California Employers have watched in recent years as an obscure provision in California Wage Orders has wreaked havoc in the courts. The provision requires “suitable seating” for employees when the nature of their work reasonably permits the use of seats. Not surprisingly, awareness of this issue came as a result of a warped interpretation of the provision by class action plaintiffs’ counsel.

Continue Reading You’ve Got To Stand Up To Sit Down: Suitable Seating In California

 By:   Meagan D. Christiansen

If you’ve attended any of our seminars revolving around wage and hour issues over the past year, you will undoubtedly remember our discussions of Harris v. Superior Court (Liberty Mutual), and the so-called “administrative/production worker dichotomy.” You may also remember an earlier post discussing the California Supreme Court’s ruling last January (which can be found here – https://www.thelelawblog.com/2012/01/articles/wage-and-hour/misclassfied-as-a-matter-of-law-not-so-fast-say-the-supremes/).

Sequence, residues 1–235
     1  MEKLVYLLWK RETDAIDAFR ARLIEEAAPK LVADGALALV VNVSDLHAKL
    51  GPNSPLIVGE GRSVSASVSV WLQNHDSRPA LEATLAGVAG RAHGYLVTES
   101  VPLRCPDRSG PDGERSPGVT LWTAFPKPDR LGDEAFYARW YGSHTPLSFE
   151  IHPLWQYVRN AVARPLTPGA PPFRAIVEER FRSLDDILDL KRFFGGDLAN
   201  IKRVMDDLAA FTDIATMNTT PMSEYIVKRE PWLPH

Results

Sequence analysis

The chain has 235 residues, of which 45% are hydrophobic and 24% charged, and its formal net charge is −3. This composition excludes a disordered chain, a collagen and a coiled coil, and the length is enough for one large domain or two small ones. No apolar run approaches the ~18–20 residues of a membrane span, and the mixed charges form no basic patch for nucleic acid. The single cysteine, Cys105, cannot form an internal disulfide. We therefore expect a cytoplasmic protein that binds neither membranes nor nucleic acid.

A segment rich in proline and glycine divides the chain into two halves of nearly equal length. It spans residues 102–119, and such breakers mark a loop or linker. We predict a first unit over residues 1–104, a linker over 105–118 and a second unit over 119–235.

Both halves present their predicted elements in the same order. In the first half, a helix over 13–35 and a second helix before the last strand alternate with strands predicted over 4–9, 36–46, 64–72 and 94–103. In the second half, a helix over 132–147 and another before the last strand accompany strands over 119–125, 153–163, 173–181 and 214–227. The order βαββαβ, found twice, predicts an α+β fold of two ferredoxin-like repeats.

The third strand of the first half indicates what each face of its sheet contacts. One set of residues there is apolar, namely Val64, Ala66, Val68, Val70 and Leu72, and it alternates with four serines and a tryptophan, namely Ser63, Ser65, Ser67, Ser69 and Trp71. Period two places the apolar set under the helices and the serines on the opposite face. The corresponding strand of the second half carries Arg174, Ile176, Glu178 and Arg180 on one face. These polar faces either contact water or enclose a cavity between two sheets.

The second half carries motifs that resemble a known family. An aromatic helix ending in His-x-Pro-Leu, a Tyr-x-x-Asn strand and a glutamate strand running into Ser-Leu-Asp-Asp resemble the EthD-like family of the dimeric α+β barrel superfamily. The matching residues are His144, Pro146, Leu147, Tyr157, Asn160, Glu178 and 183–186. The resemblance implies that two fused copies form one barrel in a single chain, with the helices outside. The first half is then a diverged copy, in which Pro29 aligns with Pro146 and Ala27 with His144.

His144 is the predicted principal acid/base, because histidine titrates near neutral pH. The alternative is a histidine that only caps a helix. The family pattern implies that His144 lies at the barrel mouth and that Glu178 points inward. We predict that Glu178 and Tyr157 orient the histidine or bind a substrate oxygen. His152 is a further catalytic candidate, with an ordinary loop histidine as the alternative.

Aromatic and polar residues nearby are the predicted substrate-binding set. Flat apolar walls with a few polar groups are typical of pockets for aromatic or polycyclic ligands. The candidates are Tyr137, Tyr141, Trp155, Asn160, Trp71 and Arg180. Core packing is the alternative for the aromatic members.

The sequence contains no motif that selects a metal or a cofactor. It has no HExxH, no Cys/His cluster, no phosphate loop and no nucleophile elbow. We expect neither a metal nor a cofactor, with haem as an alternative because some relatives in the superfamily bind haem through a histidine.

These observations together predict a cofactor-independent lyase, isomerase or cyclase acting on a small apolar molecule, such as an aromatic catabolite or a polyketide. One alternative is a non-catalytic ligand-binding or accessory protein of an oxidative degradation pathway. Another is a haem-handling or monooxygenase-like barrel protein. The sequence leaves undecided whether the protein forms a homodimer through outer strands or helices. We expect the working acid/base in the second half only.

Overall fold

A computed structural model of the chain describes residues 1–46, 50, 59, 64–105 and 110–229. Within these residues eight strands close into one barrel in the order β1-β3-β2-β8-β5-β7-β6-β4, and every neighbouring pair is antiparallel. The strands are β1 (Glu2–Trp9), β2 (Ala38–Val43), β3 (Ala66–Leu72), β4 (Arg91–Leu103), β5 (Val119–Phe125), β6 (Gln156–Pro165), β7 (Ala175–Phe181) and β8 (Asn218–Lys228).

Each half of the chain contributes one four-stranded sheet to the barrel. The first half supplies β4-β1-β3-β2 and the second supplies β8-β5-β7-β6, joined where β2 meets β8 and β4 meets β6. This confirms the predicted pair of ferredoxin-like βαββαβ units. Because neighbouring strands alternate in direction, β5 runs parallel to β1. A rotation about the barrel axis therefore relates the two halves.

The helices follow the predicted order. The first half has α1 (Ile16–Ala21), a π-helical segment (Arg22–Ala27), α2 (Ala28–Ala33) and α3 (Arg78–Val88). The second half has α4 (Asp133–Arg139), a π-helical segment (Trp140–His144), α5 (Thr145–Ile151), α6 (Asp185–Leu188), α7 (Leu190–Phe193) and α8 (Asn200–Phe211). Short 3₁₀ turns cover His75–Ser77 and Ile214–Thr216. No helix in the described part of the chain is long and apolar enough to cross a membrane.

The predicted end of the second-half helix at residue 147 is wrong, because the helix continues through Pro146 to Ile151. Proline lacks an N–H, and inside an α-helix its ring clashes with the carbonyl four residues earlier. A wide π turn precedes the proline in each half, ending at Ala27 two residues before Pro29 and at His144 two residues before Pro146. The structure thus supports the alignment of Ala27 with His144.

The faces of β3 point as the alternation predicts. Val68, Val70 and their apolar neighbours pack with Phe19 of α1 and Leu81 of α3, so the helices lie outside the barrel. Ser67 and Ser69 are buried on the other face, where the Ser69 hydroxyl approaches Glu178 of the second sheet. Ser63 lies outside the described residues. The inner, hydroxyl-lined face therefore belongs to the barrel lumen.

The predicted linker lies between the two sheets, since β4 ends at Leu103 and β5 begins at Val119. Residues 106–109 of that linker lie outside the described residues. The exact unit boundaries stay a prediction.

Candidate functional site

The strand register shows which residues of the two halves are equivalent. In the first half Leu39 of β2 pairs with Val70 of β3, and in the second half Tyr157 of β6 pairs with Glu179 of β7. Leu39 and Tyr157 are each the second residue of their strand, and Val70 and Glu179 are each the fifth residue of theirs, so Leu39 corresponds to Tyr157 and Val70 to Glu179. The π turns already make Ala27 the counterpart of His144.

Continue Reading Latest Court of Appeal Decision in Harris v. Superior Court (Liberty Mutual) Depublished, the Administrative/Production Worker Dichotomy Remains Uncertain

By: Charles L. Post and James Kachmar

As many readers of this Blog know, we’ve been awaiting the California Supreme Court to issue its decision in the Brinker case. This morning it did so. As our attorneys continue to analyze the decision involving issues of employee rest periods and meal breaks, we will be publishing several blog updates in the coming days discussing the impact of the decision on California employers.


Continue Reading CASE ALERT: California Supreme Court Hands Down Brinker Decision

The California Supreme Court recently addressed whether insurance claims adjusters qualify for the administrative exemption under California law. (Harris v. Superior Court (Liberty Mutual Insurance Co.).) The Court’s decision in late December 2011, focused on the issue of the “administrative/production worker dichotomy.” Here the Court was looking at whether employees who fall on the “production” side can ever qualify for the administrative exemption.

Continue Reading Misclassfied As A Matter of Law?: Not So Fast Say the Supremes!